Looking back on 2018 — oh, the places we’ve seen!

What a fabulous year of sight-seeing, from Peru to the U.K and Iceland, to the wilds of California and Minnesota, and scenic coastlines of northeastern North America. It’s so hard choose the favorites, so instead I chose representative ones that bring back fond memories.  I hope you enjoy the re-run of the previous year’s landscapes.

Llamas at Machu Picchu, Peru

Llamas at Machu Picchu, Peru.  The iconic mountain view looming over the city ruins with the iconic mammals of the region!

Peruvian village in the mountains near Pisac

Peruvian village in the rugged Andes mountains near Pisac.

Lake near Sillustani, city of the dead, Puno, Peru

What looks like a floating island in a lake near Sillustani, the city of the dead, Puno, Peru.

Crossing the Amazon, Peru

A typical scene of family crossing the Amazon, 50 miles upstream from Iquitos, Peru.

Coal house near Thornham Harbor, Norfolk, England

Coal house and ancient boat near Thornham Harbor, Norfolk, England

Loch near Tongue, Scotland

Typical view of northern Scotland Lochs and Mountains with the gorse in bloom (near Tongue, Scotland).

Seacliffs, Handa Island, Scotland

Sea cliffs with lots of breeding sea birds all along the coast of Scotland.  This was on Handa Island, off the northwest coast of Scotland

Black sand beach at Vik, Iceland

Black sand beach at Vik, Iceland, with its strange volcanic remnants and steep sea cliffs along the coast on a typical “spring” day (May).

On the road to Vik, Iceland

On the road to Vik, Iceland, lots of exposed lava, high mountains, waterfalls, and glaciers.  It’s the land of Ice and Fire (a la Game of Thrones).

Iceland’s waterfalls: Gullfoss

Iceland’s waterfalls: Gullfoss drains an enormous inland glacier.

Minnesota autumn colors

Autumn colors on one of Minnesota’s 10,000+ lakes.

Winter in rural Minnesota

This is the classic scene of winter in the upper midwestern U.S.: gray and white with blotches of brown. Dreary, cold, uninviting…but picturesque.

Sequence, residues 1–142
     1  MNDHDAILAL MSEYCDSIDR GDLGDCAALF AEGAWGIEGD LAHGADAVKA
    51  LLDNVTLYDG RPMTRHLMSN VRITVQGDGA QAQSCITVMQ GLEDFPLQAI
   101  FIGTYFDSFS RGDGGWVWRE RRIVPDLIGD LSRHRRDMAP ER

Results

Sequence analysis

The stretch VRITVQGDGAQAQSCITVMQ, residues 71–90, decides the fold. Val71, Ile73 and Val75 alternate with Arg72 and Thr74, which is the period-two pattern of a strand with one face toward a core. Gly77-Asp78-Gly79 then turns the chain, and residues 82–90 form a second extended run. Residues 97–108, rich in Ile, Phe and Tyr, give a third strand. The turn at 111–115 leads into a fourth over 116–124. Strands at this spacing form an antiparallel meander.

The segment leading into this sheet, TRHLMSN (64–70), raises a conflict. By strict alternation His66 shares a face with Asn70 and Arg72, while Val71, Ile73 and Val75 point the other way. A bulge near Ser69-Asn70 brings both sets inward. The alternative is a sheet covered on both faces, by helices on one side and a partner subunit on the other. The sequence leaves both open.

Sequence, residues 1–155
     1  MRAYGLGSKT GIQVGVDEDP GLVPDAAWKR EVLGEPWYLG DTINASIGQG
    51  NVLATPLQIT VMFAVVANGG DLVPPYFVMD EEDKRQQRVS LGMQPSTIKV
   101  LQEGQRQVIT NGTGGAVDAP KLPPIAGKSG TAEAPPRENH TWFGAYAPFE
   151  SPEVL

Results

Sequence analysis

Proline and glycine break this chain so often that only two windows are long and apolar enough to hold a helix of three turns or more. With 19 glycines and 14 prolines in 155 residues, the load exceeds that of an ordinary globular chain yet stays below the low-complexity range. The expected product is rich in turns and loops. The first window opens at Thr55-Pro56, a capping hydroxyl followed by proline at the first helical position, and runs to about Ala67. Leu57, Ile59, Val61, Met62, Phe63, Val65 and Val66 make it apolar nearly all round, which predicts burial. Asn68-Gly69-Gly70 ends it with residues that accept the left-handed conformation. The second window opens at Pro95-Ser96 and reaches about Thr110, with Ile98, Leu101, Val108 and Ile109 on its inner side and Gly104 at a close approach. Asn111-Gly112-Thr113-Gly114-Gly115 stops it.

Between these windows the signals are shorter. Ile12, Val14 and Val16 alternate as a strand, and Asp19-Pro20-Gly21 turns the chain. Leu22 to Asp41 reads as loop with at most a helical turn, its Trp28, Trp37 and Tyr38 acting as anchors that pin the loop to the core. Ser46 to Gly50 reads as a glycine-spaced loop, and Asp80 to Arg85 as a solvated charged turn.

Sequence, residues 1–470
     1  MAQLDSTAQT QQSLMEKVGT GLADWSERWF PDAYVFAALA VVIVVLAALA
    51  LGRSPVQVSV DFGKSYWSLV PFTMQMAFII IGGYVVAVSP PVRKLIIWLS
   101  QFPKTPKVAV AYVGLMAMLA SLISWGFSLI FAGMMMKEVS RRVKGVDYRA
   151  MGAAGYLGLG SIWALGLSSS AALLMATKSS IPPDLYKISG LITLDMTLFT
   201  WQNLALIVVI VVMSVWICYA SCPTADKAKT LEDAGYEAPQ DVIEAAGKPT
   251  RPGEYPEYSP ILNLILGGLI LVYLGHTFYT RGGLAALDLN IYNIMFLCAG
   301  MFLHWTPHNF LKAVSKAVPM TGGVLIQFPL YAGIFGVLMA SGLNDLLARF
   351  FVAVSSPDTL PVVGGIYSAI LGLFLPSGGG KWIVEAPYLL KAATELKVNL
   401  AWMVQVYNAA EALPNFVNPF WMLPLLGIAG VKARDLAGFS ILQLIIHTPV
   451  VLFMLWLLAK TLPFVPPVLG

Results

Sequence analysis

And now on to 2019…

Tiny mobsters

Forest walk, Sax-Zim bog, Meadowlands MN

Forest walk, Sax-Zim bog, Meadowlands MN

We got a good demonstration of just how many tiny birds were present in the woods alongside roads in Sax-Zim bog, when our guide (Clinton Nienhaus, head naturalist at the bog) briefly played the call of a Screech Owl.  Within a couple of minutes, dozens of Black-capped Chickadees and Red-breasted Nuthatches appeared, calling continuously to sound the alert of a predator’s presence.

Red-breasted Nuthatch

Red-breasted Nuthatch, one of about a dozen, sounding the alert in response to a Screech Owl call.

Weighing in at a whopping 10 grams (less than a fast-food packet of ketchup), tiny Red-breasted Nuthatches are just a bit smaller than Chickadees, but even a small bird with that sharp-pointed beak could do some damage at close range.  In any case, the point of the mob action is to pester the would-be predator enough that it eventually flies away.  Mobs of small birds may also attract larger birds like jays and crows to help drive off the predator.

Red-breasted Nuthatches mobbing fake owl

Red-breasted Nuthatches and chickadees flit from branch to branch looking for the owl.  Since I have only ever seen a single or a pair of nuthatches at one time, this was a real treat to see so many of them in action.

Red-breasted Nuthatches prefer coniferous woods, like the black spruce and tamarack of the bog.  In the spring and summer, they are highly insectivorous, but like the chickadees, in the winter they love the peanuts and suet found at bird feeders.  Even though they are one of the smaller birds at the feeder, their feisty, aggressive behavior often drives bigger birds away.  Like their cousins, the White-breasted Nuthatch, they will store some of the feeder largesse in tree crevices for a snowy, cold day.

Red-breasted Nuthatch

Looking up, looking down….where is that owl?

Sax-Zim bog is one of the premier birding areas in Minnesota, attractive to a number of Canadian breeding species like the Great Gray Owls and Hawk Owls, as well as northern breeding finches during the winter.  The farm fields filled with hay bales seem to be filled with mice and voles, perfect for raptors, and the dense spruce-tamarack forest provides good cover.  The Friends of Sax-Zim bog have established a welcome center where one can get a map, advice on where to search for some of the more exotic species, and even guided field trips to help you spot those elusive birds.

Field trip Sax-Zim bog, Meadowlands MN

Field trip Sax-Zim bog, Meadowlands MN.  We stopped here to check on the presence of Redpolls and other small finches.  Alas, only one Redpoll appeared, and only very briefly and far away.

For more information about the bog, visit their website (link above) or check out the photos and commentary of one of the founders of the organization, Sparky Stensaas at The Photonaturalist.

the creek

I am intrigued by the idea of a creek that runs through the heart of a dense urban area with mostly clear water and that supports a variety of wildlife along its riparian border.

Los Gatos creek, Campbell Park, San Jose, CA

Water levels may fluctuate, but there is always enough to support wildlife.